An Astronaut's Guide to Life on Earth
Col. Chris Hadfield 2013
Chris Hadfield, the astronaut musician who performed David Bowie's "Space Oddity" on the International Space Station, tells us how a Canadian 9 year old transformed himself into the 53 year old commander of Expedition 35 to the ISS. Luck played a huge part - hundreds could have made the journey instead of him - but luck would not have had a chance if he had not spent many decades relentlessly working for maximum performance with minimum ego. His biggest luck, a current running throughout the book, is his wife Helene and three children who provided as much energy and effort to his success as he did.
Three takehome lessons from the book:
1) Prepare in detail, in advance, for potential problems. Astronaut training is about being ready to recognize a problem quickly and perform the correct practiced response. The better the understanding of the systems involved, the more likely that a problem is accurately identified. The bigger the behavioral toolkit, the more likely a well-practiced procedure will apply to an unexpected problem. 99% of the mission occurs on the ground, in advance; the time in space is the performance that follows the practice.
2) Minus/Zero/Plus personalities. A minus one creates problems. A zero has neutral impact, and a plus one actively adds value. We all exhibit all three personalities at various times, but Hadfield added value wherever he could, even if it was exposing his own mistakes, while acting as if it was neutral behavior, nothing deserving special treatment. Astronautics is a team sport, and a plus one team is built out of collaborative and mutually supportive personalities.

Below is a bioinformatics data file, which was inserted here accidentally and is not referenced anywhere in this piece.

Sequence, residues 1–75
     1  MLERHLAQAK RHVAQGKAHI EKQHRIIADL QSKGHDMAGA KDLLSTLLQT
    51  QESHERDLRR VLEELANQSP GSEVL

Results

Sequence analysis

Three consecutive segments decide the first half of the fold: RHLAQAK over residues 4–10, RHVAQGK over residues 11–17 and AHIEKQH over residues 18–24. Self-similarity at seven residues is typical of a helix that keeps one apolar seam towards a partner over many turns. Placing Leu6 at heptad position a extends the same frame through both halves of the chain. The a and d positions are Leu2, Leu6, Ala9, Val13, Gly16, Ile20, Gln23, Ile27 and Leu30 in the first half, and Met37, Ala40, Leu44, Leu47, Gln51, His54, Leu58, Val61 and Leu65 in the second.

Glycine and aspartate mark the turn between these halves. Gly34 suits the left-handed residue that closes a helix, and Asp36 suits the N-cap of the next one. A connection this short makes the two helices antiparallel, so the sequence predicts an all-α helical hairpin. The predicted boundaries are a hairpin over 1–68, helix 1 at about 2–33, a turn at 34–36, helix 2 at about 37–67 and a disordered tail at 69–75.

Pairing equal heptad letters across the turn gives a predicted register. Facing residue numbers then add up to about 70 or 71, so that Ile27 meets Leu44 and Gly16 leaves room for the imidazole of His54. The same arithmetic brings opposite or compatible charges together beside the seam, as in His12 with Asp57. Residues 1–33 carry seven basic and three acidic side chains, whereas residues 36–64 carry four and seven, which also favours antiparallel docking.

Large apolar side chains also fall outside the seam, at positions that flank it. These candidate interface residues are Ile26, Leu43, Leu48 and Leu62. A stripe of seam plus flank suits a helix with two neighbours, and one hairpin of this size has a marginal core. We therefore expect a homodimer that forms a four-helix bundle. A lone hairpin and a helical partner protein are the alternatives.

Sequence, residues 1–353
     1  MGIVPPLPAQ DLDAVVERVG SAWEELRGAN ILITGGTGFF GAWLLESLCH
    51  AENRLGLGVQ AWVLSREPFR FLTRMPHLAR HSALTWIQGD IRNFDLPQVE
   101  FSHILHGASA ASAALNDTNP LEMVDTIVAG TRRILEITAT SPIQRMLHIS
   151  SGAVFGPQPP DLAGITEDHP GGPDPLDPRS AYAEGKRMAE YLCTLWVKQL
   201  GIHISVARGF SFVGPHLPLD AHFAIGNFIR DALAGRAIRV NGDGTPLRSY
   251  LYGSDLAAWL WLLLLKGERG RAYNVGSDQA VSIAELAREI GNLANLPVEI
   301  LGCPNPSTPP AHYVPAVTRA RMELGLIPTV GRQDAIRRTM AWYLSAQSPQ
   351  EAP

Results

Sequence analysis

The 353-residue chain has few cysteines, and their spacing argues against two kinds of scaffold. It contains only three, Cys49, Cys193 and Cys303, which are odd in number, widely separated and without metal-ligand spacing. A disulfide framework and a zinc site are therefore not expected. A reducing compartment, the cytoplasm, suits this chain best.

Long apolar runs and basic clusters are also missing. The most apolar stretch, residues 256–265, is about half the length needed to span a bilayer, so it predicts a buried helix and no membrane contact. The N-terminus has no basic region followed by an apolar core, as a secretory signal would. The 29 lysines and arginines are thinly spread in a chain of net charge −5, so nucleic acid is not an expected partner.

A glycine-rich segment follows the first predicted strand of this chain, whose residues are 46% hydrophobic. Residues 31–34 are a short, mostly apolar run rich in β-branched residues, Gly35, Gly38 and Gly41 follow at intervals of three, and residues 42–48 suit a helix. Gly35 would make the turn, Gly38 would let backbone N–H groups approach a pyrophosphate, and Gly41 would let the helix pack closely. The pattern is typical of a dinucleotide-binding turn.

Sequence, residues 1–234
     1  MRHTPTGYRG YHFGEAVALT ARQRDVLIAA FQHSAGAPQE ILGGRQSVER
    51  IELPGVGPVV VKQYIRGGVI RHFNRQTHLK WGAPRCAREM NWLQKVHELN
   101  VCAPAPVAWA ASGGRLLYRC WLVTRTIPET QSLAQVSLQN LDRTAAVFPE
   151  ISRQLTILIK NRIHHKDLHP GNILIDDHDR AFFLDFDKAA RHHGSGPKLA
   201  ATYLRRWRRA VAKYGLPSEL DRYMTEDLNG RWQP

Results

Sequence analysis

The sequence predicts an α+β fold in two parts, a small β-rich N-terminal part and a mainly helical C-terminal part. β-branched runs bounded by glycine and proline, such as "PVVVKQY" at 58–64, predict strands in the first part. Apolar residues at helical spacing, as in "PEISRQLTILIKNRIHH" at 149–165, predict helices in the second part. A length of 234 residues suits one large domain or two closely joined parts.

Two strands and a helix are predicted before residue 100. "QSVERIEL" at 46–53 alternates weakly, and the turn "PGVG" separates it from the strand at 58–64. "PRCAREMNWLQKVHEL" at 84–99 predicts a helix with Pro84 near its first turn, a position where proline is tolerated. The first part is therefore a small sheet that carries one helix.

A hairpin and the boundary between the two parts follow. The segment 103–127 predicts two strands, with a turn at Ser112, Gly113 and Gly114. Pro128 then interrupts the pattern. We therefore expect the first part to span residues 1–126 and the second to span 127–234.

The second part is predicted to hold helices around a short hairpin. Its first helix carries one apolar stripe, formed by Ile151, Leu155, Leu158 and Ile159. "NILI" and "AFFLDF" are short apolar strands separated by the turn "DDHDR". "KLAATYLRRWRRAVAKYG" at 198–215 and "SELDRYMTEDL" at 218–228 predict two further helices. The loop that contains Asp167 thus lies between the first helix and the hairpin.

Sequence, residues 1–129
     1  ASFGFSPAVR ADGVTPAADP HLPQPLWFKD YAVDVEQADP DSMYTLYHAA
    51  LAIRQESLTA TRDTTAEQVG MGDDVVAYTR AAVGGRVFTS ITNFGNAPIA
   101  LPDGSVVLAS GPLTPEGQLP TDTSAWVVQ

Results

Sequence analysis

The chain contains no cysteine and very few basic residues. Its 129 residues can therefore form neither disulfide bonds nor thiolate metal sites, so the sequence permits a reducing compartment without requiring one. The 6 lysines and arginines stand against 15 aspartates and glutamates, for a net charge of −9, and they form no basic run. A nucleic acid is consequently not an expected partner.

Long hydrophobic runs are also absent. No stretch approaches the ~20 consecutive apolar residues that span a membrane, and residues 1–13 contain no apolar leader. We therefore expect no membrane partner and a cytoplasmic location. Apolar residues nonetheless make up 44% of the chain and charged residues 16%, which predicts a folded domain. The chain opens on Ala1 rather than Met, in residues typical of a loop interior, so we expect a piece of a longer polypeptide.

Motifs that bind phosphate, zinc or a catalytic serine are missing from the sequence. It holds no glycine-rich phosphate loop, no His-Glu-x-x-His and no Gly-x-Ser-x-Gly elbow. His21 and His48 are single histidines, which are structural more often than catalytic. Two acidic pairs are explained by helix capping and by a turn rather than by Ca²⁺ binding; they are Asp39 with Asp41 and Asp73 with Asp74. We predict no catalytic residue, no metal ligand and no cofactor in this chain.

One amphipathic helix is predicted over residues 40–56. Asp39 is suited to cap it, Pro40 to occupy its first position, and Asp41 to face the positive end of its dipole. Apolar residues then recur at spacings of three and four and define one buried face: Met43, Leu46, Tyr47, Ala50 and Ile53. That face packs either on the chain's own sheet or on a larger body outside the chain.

3) maximum effort produces success, though rarely the extravagant success Hadfield had. There were many moments in his life where, if things had gone slightly differently, he would have remained a jet jockey, or a never-flown astronaut candidate, or ... If Hadfield ever finds the time, it would be worthwhile to engage the help of a small stable of researchers to track down the hundreds of others who worked hard like him but did not become astronauts. I'm sure many applied the same diligence to diverging paths and achieved other great successes that we may never hear about. Yes, being a great astronaut requires hard work and luck, but hard work can lead to many other great roles, and an educator/astronaut like Hadfield can show them to us.
Hadfield is a Canadian, and proud of it in a very non-US way. He tells a Canadian joke: "How do you get 50 drunk Canadians out of a swimming pool? Ask them to get out of the swimming pool". I probably misphrased that. Hadfield is Canadian, and does not put jokes in book indexes.